Why...

ppragman

FLIPY FLAPS!
You have an autopilot that can take verbal commands from ATC to change headings and then go direct to a point? I wasn't aware that existed.

If by autopilot fly the SID, you mean it can fly the initial turn, then fly the headings I input, then go direct to the fix after I input it, then yeah, the autopilot will do it. But it's not the "program it, click it on, and let it go" that a SID out of ATL is.
"Hey first officer, since I'm hand flying, you think you could program up direct to fixxy for me?". Or you can't fly and program? Or put the A/P on, put direct fixxy in, then take it back off and go back to hand flying?

I'm not sure what your FMS can do, but ours also has a bearing pointer that I could have point at any fix. I could swing the old heading bug around so that the pointer matches the heading if I was handflying too...

There are like 7000 ways to do this in every airplane I've ever flown.
 

Roger Roger

Paid to sleep, fly for fun
Look at the RNAV departures in CLT. They start with a heading, then vectors to a fix on the departure. While it's still important to program the correct runway, because the first turn is in different directions, the autopilot can't fly the SID because there are vector legs programmed in.
So again...how does a memo requiring the autopilot be on fix this? If you’re on vectors especially with an FD on that seems easier than any ground based nav DP I’ve flown. Again, no criticism, I’m just not understanding.
 

ASpilot2be

Qbicle seat warmer
You have an autopilot that can take verbal commands from ATC to change headings and then go direct to a point? I wasn't aware that existed.

If by autopilot fly the SID, you mean it can fly the initial turn, then fly the headings I input, then go direct to the fix after I input it, then yeah, the autopilot will do it. But it's not the "program it, click it on, and let it go" that a SID out of ATL is.
The last plane I flew, the FMS would fly headings you typed into the box. It was a command heading feature. You could type the heading ATC gives you, then when airborne, hit enter and it would fly that heading.
 

Roger Roger

Paid to sleep, fly for fun
The last plane I flew, the FMS would fly headings you typed into the box. It was a command heading feature. You could type the heading ATC gives you, then when airborne, hit enter and it would fly that heading.
Do you not just use the heading bug?
 

BobDDuck

Island Bus Driver
So again...how does a memo requiring the autopilot be on fix this? If you’re on vectors especially with an FD on that seems easier than any ground based nav DP I’ve flown. Again, no criticism, I’m just not understanding.
The issue in CLT, when they first started the RNAV departures was that guys weren't turning soon enough or, they wouldn't account for the wind, and would end up drifting closer to the other departure corridor than they should. Obviously, the autopilot is just going to follow the FD, just like a pilot hand flying would do. How close to the FD the pilot flies becomes the issue, especially when they are distracted with level offs, speed contraints and frequency switches as well as cleaning up the plane.
 

ASpilot2be

Qbicle seat warmer
Do you not just use the heading bug?
I would most of the time. There were times when you wouldn't though. Getting vectored onto a GPS approach you would use the command heading. I would also use it when getting vectored to a fix. If they said right turn to a heading, then direct a fix and you were using command heading then it was easy. But if you were using heading mode and hit direct to, and forgot to switch to nav then the plane wouldn't go direct. Using command heading just made one less mode switch.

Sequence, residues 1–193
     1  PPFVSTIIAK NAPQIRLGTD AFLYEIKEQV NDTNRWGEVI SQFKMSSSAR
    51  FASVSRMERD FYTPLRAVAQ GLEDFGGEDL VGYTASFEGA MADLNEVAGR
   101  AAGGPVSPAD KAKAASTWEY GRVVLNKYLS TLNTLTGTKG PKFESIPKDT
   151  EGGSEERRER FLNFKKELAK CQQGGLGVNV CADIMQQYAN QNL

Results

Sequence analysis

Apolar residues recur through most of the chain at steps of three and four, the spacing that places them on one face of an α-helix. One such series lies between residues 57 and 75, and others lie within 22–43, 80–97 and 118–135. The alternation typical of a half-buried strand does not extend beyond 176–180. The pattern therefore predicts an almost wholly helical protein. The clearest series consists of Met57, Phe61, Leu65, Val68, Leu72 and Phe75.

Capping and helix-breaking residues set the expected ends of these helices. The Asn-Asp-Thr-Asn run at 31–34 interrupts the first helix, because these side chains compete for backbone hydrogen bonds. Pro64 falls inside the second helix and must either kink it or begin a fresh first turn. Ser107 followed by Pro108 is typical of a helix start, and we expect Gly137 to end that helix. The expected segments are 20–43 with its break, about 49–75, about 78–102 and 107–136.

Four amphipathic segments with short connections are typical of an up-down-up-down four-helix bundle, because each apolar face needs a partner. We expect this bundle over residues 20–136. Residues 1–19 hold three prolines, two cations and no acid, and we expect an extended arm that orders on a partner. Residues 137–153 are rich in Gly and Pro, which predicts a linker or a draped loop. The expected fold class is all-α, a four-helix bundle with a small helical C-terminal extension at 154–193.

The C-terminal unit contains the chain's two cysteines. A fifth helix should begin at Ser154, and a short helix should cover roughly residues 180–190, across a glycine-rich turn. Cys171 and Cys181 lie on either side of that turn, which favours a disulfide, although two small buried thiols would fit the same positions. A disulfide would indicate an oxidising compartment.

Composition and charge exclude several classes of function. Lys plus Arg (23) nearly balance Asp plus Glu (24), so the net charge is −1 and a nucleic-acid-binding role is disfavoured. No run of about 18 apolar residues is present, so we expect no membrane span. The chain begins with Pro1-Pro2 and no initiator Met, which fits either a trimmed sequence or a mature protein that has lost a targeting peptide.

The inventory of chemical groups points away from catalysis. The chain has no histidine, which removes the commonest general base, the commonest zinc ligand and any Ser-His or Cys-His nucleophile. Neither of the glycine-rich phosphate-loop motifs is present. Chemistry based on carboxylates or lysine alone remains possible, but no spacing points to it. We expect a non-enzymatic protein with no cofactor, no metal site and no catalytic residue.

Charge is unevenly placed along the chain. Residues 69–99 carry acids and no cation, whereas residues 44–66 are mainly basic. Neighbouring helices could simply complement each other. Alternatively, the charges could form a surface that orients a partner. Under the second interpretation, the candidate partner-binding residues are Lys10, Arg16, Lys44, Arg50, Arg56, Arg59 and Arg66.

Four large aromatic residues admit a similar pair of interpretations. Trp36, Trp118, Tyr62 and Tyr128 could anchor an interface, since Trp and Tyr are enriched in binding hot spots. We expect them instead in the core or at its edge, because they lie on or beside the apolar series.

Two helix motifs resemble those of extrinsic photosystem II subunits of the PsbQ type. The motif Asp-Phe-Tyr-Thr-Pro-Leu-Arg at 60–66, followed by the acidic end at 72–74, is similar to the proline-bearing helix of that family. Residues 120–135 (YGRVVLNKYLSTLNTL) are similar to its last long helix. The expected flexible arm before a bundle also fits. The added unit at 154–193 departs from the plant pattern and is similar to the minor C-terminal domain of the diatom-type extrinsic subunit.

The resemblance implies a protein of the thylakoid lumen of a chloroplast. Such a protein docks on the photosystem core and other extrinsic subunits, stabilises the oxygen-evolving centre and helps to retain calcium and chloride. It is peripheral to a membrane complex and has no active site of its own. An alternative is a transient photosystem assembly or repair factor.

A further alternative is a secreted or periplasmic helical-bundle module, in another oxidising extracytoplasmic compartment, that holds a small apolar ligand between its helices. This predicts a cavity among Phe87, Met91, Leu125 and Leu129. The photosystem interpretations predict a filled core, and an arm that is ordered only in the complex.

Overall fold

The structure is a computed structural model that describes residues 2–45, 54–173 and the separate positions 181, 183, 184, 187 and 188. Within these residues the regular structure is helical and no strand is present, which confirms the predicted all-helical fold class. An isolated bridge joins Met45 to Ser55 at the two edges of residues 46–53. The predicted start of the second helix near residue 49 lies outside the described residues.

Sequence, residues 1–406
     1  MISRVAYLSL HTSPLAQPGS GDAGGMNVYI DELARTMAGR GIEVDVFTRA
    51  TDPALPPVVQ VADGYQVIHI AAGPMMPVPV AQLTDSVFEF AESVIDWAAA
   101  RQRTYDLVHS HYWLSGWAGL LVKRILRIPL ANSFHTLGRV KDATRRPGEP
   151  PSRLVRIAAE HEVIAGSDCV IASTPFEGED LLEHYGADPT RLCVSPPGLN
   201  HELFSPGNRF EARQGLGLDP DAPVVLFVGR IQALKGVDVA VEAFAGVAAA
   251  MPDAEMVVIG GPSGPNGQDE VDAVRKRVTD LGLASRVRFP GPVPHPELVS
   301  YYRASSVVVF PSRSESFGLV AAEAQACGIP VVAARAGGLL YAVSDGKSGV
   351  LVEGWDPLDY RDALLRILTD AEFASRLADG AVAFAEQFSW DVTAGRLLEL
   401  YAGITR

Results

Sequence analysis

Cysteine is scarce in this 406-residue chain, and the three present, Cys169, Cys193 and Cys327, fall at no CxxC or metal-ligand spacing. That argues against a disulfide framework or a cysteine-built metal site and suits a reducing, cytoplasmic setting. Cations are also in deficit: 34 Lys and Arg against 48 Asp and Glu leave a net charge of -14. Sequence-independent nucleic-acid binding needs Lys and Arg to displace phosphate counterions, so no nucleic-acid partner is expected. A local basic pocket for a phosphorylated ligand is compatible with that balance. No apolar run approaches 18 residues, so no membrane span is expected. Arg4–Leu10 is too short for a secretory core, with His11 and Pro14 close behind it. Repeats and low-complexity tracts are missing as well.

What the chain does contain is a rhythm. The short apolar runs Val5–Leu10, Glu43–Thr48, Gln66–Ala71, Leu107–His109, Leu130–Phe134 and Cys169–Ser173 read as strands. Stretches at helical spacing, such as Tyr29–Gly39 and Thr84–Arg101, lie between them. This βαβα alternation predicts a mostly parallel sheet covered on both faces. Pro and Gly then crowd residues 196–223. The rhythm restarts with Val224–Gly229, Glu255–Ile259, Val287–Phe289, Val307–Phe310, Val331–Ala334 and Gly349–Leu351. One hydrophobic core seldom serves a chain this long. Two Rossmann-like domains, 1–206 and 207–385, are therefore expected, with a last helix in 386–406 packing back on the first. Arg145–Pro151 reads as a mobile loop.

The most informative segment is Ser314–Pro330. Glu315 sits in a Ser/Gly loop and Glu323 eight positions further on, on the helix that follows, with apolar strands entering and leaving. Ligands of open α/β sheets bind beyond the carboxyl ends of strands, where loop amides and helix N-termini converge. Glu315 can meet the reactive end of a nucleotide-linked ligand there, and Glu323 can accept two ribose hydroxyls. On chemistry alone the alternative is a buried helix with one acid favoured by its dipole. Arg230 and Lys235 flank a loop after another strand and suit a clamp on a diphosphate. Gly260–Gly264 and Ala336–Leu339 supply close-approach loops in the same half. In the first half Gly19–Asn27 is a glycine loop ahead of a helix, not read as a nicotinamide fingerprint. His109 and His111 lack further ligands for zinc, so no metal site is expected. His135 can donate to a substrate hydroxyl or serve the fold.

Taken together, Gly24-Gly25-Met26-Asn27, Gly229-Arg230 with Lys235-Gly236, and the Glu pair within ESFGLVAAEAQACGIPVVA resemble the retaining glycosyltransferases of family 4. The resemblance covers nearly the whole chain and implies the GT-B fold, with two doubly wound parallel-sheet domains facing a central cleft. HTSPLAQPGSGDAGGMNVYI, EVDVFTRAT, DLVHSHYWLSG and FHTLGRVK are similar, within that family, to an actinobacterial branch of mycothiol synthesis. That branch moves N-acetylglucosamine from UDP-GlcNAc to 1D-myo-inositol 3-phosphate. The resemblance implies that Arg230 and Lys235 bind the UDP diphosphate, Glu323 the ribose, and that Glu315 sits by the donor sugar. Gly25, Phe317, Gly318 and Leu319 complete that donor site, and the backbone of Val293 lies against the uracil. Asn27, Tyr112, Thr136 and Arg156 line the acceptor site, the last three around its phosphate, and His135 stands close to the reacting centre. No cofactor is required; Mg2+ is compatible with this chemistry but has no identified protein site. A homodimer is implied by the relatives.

Roger Roger

Paid to sleep, fly for fun
The issue in CLT, when they first started the RNAV departures was that guys weren't turning soon enough or, they wouldn't account for the wind, and would end up drifting closer to the other departure corridor than they should. Obviously, the autopilot is just going to follow the FD, just like a pilot hand flying would do. How close to the FD the pilot flies becomes the issue, especially when they are distracted with level offs, speed contraints and frequency switches as well as cleaning up the plane.
On some RNAV DPs are you supposed to fly a track instead of heading after takeoff? I looked at a couple CLT ones and I only saw headings. Do RJ FMS systems have a track/heading mode switch? The Swiss Starship does, I don’t use it much, but it would be perfect for something like that.

Other than that the points re: PF being busy and the pilot flying close to the FD are equally valid on a ground based nav DP or a vector DP are they not? At least with RNAV the CDI gets moved automatically without having to switch between navaids. Is it just because the big airports pretty much only use RNAV these days?
 

msmspilot

Well-Known Member
"Hey first officer, since I'm hand flying, you think you could program up direct to fixxy for me?". Or you can't fly and program? Or put the A/P on, put direct fixxy in, then take it back off and go back to hand flying?

I'm not sure what your FMS can do, but ours also has a bearing pointer that I could have point at any fix. I could swing the old heading bug around so that the pointer matches the heading if I was handflying too...

There are like 7000 ways to do this in every airplane I've ever flown.
So let's take a step back. My original response was to "Why are RNAV departures so error-prone? It seems easier than the heading-course-another heading to intercept dance on ground based nav DPs."

I have only tried to explain that the departures in CLT, while technically RNAV, are still "heading, heading, heading, ok direct." So they're not actually any different.

So again...how does a memo requiring the autopilot be on fix this? If you’re on vectors especially with an FD on that seems easier than any ground based nav DP I’ve flown. Again, no criticism, I’m just not understanding.